Mom is showing signs of dementia but refuses to seek medical care. It's impacted her husbands care and their finances, what can I do? - AgingCare.com

Mom is showing signs of dementia but refuses to seek medical care. It's impacted her husbands care and their finances, what can I do?

Follow
Share
This question has been closed for answers. Ask a New Question.
3

Answers

Show:
Do your parents have a Trust? Do they have an Attorney? If they have a Trust find out who they have appointed as POA when "the time comes." These are normally set up prior to the need for them as a person who is mentally ill is unable to appoint a person as POA. I realized my Mom was having a problem and immediately took her to the attorney to have POA assigned to me as I was her caregiver. She was not sure she wanted to do it, but I explained to her that it was not for use right now, but for use in the future when or if it became necessary. This is when stretching the truth came into play. Mom's attorney spoke to her alone and then had me come back into the room as he wanted to make sure she was okay and not doing this under duress. If you do not do this NOW you will go through hell later without one as you then have to procure guardianship which is long, involved and very expensive! In the meantime your parents could go broke!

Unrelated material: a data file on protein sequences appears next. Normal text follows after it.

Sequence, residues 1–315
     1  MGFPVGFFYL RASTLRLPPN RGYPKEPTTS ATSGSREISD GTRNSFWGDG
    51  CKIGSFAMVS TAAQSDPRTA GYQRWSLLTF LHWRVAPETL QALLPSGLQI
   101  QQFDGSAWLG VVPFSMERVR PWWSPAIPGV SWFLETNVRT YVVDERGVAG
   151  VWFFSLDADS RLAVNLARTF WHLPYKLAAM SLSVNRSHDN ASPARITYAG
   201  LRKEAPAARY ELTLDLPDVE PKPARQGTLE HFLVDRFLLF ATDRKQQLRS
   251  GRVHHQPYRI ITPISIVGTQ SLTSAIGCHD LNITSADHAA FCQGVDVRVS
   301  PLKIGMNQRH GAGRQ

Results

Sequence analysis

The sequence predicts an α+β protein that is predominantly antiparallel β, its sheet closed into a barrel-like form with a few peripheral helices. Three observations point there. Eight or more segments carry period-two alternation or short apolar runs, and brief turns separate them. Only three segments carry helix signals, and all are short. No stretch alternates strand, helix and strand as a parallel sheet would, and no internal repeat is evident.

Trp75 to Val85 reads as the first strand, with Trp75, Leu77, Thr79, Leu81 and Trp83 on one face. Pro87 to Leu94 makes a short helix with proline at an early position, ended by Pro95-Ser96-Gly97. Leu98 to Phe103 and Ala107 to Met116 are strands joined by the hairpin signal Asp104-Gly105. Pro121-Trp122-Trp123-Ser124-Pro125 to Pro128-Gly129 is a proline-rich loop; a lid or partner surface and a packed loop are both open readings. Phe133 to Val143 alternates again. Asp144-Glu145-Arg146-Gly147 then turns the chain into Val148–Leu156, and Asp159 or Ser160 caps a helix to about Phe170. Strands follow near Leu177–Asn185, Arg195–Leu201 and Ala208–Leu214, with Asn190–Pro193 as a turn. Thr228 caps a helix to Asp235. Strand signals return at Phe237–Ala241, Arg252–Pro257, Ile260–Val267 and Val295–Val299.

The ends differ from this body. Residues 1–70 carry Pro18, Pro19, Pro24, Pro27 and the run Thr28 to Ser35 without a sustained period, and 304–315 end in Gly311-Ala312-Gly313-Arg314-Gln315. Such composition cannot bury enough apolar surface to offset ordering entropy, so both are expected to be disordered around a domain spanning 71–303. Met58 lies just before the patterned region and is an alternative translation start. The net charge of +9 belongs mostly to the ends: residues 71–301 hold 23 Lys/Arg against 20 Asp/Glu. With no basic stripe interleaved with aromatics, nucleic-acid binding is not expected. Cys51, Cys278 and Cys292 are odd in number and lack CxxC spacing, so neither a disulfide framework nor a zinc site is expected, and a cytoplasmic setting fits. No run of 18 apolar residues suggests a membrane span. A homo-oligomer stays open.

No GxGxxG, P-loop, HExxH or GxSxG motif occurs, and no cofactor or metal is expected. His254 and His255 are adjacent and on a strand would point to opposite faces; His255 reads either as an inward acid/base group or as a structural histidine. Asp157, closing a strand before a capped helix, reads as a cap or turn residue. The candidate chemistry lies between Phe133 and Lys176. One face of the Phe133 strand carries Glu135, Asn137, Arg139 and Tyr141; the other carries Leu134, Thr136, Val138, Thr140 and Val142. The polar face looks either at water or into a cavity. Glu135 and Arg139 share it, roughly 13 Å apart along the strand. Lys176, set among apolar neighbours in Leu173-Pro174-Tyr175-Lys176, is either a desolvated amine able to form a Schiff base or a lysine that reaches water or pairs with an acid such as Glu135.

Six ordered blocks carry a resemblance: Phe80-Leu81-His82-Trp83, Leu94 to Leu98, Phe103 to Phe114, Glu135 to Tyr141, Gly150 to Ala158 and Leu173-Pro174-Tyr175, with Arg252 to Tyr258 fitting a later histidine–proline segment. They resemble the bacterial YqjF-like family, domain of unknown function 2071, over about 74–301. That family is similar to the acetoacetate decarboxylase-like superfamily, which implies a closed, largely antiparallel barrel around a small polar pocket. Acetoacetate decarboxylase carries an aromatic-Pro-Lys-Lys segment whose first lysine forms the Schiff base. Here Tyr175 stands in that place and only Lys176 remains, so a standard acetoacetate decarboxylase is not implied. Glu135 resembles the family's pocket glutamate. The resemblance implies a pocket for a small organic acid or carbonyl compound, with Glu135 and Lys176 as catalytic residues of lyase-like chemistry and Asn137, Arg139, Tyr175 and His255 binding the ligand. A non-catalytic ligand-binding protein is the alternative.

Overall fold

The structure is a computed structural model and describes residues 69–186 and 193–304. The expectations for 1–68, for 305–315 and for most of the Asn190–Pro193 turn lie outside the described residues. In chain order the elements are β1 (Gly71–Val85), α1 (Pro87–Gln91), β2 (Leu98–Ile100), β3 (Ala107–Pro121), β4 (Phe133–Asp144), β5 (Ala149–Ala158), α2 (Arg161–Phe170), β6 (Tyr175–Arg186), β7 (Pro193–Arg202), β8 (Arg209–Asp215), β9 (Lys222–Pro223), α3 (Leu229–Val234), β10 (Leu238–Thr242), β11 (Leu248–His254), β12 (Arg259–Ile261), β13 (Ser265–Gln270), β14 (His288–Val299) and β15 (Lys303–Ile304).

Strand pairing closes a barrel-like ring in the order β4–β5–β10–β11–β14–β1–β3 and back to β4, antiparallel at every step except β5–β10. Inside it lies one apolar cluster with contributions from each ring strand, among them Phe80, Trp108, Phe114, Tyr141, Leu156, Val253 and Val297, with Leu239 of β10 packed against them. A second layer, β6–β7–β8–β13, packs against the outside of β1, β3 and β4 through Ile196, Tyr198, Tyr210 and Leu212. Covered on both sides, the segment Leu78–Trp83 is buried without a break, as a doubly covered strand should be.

Helpful Answer (3)
Report

Try to get her to a doctor to find out if it's dementia, ALZ, an infection, etc. But, if she won't go, that's her decision. And, if it is dementia, there's not a whole lot of 'treatment' that's going to help. Even with treatment, it's a degenerative condition.
The priority is rescuing their finances before it's too late (I speak from experience!). Plead, bully...do whatever it takes to get a look at their expenses and income and debt. Get your siblings on board and approach mom as a team. Whatever tactics work (reverse psychology, bribes, etc...), use them to help get their money in order. Every penny they squander means fewer choices for them in terms of their care and their future quality of life.
Helpful Answer (4)
Report

Have you explored your options from a legal standpoint? Seems like that would be the first step. If you can't afford a private attorney, try the local legal aid organization. Taking advantage of community resources for the elderly will take some of the load off your shoulders and keep you informed at the same time.
Helpful Answer (1)
Report

This question has been closed for answers. Ask a New Question.
Related
Questions